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IPCC Report: fossil fuels behind global warming

06.03.2007

On 2 February 2007, the United Nations Intergovernmental Panel on Climate Change (IPCC), issued the first volume of its Fourth Assessment Report, concluding that warming of the climate system is unequivocal and that it is “very likely” (probability is more than 90%) that most of the warming observed since the mid-20th century is caused by human emissions of greenhouse gases. While predicting that global warming will happen faster and be more devastating than previously estimated, more than 2500 experts call on policy makers worldwide for urgent action to curb greenhouse gas emissions.

Climate Change 2007: The Physical Science Basis

The Intergovernmental Panel on Climate Change fourth assessment report is the culmination of six year’s work by scientists from more than 130 countries, including 2500 expert reviewers. The Working Group I report, Climate Change 2007: The Physical Science Basis, assesses the latest scientific knowledge on, and reasons behind climate change, looks at how the climate has already altered and how a range of different scenarios may have an impact in the future.

Among other findings, the report strongly emphasizes that warming of the climate system is inevitable, evidenced by observations of increases in average global air and ocean temperatures, widespread melting of snow and rising sea levels. The main difference between this report and the one issued in 2001 is that the IPCC now qualifies human activities as the “very likely” (probability is more than 90%) cause of global warming. “The global increase in carbon dioxide concentrations are due primarily to fossil fuel use and land-use change, while those of methane and nitrous oxide are primarily due to agriculture”, the report stressed.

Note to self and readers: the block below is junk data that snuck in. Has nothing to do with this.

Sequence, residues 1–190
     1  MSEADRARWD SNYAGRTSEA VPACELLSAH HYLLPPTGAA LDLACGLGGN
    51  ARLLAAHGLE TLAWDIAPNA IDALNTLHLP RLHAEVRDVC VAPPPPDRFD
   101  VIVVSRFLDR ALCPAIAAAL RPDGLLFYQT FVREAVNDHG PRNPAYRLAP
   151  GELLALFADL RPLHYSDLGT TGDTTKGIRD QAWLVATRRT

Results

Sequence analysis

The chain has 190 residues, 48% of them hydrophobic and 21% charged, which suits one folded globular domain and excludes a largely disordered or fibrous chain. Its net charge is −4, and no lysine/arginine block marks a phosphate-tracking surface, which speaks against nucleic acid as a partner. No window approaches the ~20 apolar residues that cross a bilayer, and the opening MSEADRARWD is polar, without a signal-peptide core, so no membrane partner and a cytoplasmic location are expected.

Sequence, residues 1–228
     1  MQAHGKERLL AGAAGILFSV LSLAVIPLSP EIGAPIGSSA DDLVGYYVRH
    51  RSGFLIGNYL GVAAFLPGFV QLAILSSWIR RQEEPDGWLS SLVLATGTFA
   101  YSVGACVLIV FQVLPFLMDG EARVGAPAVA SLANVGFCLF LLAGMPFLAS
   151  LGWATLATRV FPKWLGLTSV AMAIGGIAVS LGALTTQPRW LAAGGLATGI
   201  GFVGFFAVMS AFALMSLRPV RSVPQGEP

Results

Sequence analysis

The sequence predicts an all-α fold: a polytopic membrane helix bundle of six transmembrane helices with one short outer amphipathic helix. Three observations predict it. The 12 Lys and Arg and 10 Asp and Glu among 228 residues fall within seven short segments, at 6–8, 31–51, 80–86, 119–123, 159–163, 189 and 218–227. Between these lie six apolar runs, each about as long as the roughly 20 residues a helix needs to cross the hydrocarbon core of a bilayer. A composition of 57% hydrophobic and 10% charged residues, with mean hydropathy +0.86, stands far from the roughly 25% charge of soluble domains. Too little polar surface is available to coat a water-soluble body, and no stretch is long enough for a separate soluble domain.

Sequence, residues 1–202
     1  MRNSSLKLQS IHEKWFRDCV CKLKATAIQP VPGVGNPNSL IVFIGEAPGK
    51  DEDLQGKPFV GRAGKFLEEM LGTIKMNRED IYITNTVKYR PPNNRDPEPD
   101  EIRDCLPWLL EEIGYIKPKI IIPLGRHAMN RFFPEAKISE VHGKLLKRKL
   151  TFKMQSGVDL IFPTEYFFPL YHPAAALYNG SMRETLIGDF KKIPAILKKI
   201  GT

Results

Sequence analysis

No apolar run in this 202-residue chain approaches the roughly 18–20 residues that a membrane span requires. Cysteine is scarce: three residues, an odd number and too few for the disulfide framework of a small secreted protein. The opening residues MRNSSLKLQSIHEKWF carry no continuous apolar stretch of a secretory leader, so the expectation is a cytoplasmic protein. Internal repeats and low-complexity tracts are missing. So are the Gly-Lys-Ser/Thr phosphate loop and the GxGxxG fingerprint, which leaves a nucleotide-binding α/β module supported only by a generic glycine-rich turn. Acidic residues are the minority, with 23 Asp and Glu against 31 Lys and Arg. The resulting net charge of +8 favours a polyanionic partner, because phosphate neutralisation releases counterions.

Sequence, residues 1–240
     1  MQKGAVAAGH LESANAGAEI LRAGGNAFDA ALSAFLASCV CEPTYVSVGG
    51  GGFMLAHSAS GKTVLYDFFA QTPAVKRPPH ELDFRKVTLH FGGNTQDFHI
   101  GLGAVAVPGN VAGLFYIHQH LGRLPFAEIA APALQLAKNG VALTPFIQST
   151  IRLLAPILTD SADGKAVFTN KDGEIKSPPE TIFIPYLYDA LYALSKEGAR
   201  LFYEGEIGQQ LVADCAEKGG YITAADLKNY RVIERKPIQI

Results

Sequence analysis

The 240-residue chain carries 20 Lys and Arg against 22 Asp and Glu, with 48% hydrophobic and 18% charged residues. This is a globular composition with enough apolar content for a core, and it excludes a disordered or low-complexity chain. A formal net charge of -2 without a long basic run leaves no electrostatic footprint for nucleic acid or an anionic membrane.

In addition, the consensus report from IPCC Working Group I, projects that without further action to limit greenhouse gas emission, the average global temperature is likely to rise by a further 1.8-4.0°C this century, after increasing by over 0.7° in the past 100 years.

International reactions

In response to the challenge, the International Energy Agency (IEA) stressed the “urgent need for global coordinated action”, and the Environment Commissioner, Stavros Dimas, has urged the international community to start negotiations on a comprehensive new global climate change agreement. As proposed by the European Commission in January 2007 (EC Communication “Limiting global climate change to 2 degrees Celsius, the way ahead for 2020 and beyond”), Dimas said that EU member states should aim for a 20% cut in greenhouse gas emissions by 2020. Furthermore, “to stabilise global emissions of greenhouse gases, the next step must be for the group of developed countries to cut their emissions to 30% below 1990 levels by 2020”, the Commissioner highlighted.

In the meantime, the publication of the report has also triggered renewed calls for the creation of a single UN environmental body, to replace the multitude of agreements and organisations that currently work in the environmental field.

EWEA believes that the international community should take immediate action and put in place strong greenhouse gas abatement policies. We have a ten year time window to take corrective action. Limiting carbon from fossil fuels and the large scale use of renewable energy sources are major solutions that go hand-in-hand, and should be at the heart of climate change policies. Renewable energies, such as wind power, play a central role in reversing the build up of greenhouse gases in the atmosphere. Wind energy in Europe, in particular, is expected to avoid emissions equal to one third of the EU’s Kyoto obligation. EWEA considers that if the necessary reductions of CO2 and other emissions from electricity generation are to be met and climate change challenges to be tackled, a consistent policy framework for investments and technological innovation in wind power and other renewable electricity sources is essential.

Next Steps

The full IPCC climate science report will be released later this year. In the meantime, three other chapters will be published, which will look at the probable impacts of climate change, options for adapting to these impacts and possible routes to reducing green house gas emissions.

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